Over spring break, I was lucky enough to be in New York to explore the city and look for jobs. Among the rushing cabs, bright lights, and swarms of people, I felt so small, oftentimes overwhelmed, and sometimes unsafe. A lot of those feelings were because of my gender—particularly when thinking of my safety in the city.
While I was doing research for the trip, there were countless blog posted devoted to tips and tricks for women to stay safe in New York. Many of these suggestions illustrate how dark and cruel the world can be to women.
No one conveys this better than Jessica Valenti in her lauded memoir Sex Object. Over the course of 200 pages, she summarizes her life from a childhood in the city up until the present day, when she is a successful writer, blogger, and mother. She focalizes this narrative around the ways in which she has been treated as an object because of her gender—whether that be the way that men sexualize her or demean her or insult her or make her feel lesser.
She speaks of the times in her life when she was made out to be a sex object and simultaneously tries to confront this objectification and be proud of her sexuality. It was an incredible journey, and at the end of the narrative, I felt closer to her in a way that I think is a marker of a truly great text.
However, I am not the only one who felt this way. Countless reviews relate to Valenti’s experiences, and one woman who I worked with over the summer talked about how she had dealt with many of the same issues on her commute that week. When I spoke with my roommate about it, she and I were disheartened that these narratives—of catcalling, of sexual harassment, of being made to be lesser—seemed to be a fairly universal female experience. It was commonplace. It was normalized. What we were most disgusted were the ways in which women were forced to “just deal with” the ways in which they are turned into sex objects.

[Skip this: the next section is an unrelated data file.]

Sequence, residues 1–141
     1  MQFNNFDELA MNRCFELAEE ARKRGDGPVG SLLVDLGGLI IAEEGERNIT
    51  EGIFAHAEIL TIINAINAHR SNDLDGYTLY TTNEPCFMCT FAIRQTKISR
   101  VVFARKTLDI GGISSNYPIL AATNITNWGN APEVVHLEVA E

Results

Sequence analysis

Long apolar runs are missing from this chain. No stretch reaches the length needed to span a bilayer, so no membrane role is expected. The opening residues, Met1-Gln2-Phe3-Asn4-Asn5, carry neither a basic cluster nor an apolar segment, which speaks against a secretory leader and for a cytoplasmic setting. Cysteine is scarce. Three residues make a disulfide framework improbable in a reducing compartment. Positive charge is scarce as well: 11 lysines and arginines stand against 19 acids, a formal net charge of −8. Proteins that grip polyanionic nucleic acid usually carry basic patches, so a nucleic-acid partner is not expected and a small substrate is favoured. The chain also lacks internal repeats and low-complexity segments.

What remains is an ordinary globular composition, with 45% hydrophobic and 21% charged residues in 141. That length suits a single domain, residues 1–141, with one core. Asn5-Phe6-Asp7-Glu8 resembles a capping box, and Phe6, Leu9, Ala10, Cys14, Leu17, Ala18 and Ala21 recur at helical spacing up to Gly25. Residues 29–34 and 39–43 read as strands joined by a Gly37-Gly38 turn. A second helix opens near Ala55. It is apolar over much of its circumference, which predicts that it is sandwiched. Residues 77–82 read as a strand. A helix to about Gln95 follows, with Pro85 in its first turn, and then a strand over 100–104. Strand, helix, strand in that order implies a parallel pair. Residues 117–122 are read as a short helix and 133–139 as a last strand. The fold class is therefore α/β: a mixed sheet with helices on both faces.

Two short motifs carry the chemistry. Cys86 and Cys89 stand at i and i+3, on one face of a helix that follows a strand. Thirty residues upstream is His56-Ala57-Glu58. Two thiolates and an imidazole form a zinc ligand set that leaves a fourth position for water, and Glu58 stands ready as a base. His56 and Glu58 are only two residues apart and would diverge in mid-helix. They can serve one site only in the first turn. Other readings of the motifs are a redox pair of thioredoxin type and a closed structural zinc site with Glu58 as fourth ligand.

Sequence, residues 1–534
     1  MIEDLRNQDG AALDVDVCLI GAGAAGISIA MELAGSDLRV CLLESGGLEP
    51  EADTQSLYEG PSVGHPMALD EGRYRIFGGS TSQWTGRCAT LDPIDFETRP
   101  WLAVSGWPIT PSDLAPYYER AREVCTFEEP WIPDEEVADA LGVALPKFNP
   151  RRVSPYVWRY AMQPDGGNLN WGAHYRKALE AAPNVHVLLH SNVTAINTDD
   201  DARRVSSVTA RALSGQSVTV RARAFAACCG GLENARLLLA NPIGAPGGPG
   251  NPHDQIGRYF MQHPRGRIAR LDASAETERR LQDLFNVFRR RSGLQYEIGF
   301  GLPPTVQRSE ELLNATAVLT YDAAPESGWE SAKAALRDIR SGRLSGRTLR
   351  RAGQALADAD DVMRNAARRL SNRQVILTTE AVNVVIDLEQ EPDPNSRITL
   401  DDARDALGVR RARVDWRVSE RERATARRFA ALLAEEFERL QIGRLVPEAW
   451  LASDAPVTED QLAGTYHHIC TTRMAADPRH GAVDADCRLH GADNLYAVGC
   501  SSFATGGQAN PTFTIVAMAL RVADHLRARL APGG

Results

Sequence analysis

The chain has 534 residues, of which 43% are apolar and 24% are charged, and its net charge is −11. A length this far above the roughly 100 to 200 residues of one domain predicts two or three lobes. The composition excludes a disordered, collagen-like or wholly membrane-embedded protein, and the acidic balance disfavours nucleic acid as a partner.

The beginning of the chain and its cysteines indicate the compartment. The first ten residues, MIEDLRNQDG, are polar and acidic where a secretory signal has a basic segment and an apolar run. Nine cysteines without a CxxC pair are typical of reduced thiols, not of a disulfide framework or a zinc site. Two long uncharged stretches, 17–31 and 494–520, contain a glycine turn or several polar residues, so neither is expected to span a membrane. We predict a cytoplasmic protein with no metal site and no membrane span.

In the narrative itself, Valenti provides a wide swathe of experiences of this and analyzes the ways in which society is complicit in female suffering, saying that violence against women is “passed down.”
She quotes Edgar Allan Poe’s famous saying that the death of a beautiful woman was “the most poetical topic in the world” and she goes on to wonder “how many women writers have killed themselves or let themselves be otherwise obliterated were trying, somehow, to fulfill this most popular of narratives” (142). This called to mind artists like Sylvia Plath and Virginia Woolf and the ways that they are lauded as geniuses today but felt such a pressure as artists and as women and who took their own lives.
That was one of the things that most astounded me was that these narratives—when lined up in an order like this—seem as though there is so much there. That the violence inflicted on again and again—from past to the present—and it seems never-ending. And then, to add insult to injury, Valenti ends her book with pages of the messages and hate mail that she has gotten over the years. Almost every one of these documents are written by a man.
Unfortunately, these conversations and issues are incredibly modern. Many hope that we have moved past this misogyny, but again and again, patriarchal control is reinstated—which is why narratives like Valenti’s are so important. She highlights the issues of this patriarchal dominion and confronts them head-on. As the years continue, we will need more voices like her telling her story and giving others the language in which to tell theirs. Best to end on Valenti’s own words: “To hear my words in someone else’s mouth, to see him speak them in front of other people, made me feel as if I existed” (144).